“When you enable a family to be able to time and space their children, you actually improve the overall health of that family,” said Dr. Alma Golden, the Deputy Assistant Administrator of USAID’s Bureau for Global Health, at a recent Wilson Center event on the role of faith-based organizations in family planning. Faith-based groups are an “irreplaceable asset,” said Dr. Golden, when it comes to fighting stigma and marginalization and promoting positive health behaviors.
Jambo from Kijabe!

We have just wrapped up another exciting week in Kenya! Our week started off with an African adventure full of beautiful sights, wild animals, and great hiking. Then, we spent the rest of the week working in the “theatre,” which is becoming more familiar now J

This Sunday, we joined with Gretchen, a surgical resident from Vanderbilt, to see what Kenya is like outside of Kijabe. We woke up early in the morning and drove about an hour to Lake Naivasha and took a boat to the Crescent Island animal sanctuary. We were the first ones there and got to see all of the animals in their morning routine. There were giraffes, zebras, gazelles, wildebeests, and even hippos!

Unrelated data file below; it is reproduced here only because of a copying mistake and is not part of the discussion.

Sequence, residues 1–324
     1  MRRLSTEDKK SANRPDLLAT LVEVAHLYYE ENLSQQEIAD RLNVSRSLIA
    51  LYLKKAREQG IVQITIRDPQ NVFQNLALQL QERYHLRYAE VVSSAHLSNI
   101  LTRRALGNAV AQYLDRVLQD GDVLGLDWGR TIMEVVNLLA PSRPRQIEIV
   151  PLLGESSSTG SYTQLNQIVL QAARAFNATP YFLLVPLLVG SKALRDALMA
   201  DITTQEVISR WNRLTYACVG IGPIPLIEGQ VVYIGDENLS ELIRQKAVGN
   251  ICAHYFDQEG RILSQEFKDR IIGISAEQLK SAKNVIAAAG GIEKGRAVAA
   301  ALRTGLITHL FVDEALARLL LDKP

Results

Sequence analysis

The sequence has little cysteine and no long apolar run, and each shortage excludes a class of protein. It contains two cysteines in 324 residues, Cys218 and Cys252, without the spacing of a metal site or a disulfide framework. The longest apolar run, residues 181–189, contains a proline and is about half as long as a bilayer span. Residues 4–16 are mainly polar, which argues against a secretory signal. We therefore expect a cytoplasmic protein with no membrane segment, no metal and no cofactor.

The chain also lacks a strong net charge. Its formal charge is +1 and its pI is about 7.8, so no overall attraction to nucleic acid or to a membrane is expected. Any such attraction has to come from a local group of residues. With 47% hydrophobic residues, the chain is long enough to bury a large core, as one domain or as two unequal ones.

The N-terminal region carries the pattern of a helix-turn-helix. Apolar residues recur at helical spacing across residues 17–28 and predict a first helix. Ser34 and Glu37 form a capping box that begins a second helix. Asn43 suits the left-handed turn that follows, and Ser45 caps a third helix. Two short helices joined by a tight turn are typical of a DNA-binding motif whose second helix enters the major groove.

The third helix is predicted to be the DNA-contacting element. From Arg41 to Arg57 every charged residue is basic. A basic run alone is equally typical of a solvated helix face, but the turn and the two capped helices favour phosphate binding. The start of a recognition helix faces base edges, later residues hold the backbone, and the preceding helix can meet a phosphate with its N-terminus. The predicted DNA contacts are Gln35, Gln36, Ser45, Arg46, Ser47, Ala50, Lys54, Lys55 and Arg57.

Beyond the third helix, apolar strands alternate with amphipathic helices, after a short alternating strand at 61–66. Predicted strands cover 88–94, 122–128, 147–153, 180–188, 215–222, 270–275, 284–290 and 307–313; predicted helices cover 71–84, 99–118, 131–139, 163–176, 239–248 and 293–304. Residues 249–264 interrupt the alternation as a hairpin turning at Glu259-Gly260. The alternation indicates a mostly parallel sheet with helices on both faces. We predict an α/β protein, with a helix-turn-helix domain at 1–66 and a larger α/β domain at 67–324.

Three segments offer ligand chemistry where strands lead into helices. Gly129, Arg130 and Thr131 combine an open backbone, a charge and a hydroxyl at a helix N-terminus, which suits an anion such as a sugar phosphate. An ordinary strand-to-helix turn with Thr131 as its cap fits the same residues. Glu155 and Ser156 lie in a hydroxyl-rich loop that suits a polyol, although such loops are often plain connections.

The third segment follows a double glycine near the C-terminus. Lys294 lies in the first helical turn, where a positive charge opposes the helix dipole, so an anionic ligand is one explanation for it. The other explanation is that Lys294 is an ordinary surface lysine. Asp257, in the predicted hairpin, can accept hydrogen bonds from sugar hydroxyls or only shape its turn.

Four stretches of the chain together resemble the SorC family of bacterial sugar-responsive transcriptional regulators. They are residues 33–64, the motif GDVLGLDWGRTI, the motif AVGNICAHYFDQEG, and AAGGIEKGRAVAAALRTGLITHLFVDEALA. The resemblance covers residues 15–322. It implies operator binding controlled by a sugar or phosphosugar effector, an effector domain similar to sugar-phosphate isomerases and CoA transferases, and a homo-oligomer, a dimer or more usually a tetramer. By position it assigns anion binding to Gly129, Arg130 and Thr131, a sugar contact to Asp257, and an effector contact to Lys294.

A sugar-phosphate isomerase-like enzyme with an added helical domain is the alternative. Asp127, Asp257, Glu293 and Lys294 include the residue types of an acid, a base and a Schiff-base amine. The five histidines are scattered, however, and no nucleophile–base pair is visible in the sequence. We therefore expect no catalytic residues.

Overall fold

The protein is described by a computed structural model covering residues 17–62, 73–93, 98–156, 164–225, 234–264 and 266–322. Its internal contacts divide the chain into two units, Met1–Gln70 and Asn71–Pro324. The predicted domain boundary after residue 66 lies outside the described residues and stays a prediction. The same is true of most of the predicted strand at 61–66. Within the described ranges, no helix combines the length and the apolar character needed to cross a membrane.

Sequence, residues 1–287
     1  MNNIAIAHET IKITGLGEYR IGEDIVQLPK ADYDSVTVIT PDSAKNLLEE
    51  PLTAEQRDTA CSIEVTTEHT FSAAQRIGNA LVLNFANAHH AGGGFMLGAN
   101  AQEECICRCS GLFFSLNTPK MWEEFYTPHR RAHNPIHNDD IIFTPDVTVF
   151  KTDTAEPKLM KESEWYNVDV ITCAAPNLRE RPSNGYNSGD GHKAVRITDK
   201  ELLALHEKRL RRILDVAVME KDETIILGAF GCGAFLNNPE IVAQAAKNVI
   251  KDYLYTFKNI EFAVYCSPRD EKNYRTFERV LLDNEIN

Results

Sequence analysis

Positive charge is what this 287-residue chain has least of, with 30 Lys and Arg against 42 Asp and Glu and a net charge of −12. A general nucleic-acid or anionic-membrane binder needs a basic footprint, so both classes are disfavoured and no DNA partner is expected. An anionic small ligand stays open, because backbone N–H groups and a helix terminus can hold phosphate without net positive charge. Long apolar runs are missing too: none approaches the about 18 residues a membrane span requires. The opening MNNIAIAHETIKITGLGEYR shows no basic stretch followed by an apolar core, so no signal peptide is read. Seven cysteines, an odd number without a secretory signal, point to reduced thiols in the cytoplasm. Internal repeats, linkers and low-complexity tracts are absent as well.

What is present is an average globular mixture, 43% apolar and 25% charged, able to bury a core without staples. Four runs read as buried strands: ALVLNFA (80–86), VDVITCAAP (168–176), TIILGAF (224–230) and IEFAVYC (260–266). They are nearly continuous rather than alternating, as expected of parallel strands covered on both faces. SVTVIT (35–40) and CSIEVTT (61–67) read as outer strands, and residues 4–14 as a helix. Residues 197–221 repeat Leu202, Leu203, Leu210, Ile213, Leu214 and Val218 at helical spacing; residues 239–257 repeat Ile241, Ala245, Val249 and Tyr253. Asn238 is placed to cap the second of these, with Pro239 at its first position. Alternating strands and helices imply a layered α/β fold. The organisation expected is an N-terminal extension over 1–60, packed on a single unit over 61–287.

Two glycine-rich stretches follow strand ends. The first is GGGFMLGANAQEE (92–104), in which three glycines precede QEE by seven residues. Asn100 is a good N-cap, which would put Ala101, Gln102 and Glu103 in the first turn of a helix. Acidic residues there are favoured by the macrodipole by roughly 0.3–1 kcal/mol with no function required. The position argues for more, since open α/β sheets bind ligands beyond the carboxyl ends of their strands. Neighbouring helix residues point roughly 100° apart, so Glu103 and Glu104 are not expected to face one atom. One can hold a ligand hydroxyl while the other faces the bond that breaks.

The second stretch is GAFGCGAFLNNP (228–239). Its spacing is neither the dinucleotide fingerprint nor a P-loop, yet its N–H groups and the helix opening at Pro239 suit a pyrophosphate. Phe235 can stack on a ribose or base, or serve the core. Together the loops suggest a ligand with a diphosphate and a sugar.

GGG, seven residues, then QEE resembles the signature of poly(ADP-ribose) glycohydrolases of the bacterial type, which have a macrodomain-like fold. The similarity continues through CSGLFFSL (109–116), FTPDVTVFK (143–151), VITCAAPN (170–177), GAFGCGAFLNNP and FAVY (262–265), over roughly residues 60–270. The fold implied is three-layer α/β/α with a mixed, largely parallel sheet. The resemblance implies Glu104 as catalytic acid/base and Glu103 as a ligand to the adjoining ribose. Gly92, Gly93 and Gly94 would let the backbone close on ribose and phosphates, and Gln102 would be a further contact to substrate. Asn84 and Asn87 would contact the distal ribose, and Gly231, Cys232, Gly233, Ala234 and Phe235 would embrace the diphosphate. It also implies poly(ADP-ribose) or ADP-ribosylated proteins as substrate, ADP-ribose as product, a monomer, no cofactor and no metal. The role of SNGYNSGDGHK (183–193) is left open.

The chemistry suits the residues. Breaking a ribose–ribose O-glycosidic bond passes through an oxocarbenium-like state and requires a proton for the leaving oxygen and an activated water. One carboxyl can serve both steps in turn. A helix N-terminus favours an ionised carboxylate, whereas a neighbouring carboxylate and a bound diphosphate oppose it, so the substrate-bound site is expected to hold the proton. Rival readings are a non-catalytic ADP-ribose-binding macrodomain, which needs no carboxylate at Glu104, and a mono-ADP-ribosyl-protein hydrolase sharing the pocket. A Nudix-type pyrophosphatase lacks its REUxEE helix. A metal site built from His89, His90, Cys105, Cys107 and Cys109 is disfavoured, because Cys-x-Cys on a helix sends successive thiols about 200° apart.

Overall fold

One of the many challenges faced in the complex management of a surgical patient here in Kijabe is the post-operative period – the days and weeks after the operation in which the critical nature of a patient’s illness frequently manifests itself. Whereas back at Vanderbilt there is an entire building filled with intensive care units containing hundreds of ventilators and innumerable critical care providers, here at Kijabe there are currently five ventilators available to adults and two to children. Before initiating an elective operation, the surgeon has to anticipate the post-operative condition of the patient to determine if he or she will need a bed and/or ventilator in the ICU. If this is not available, the operation is often postponed.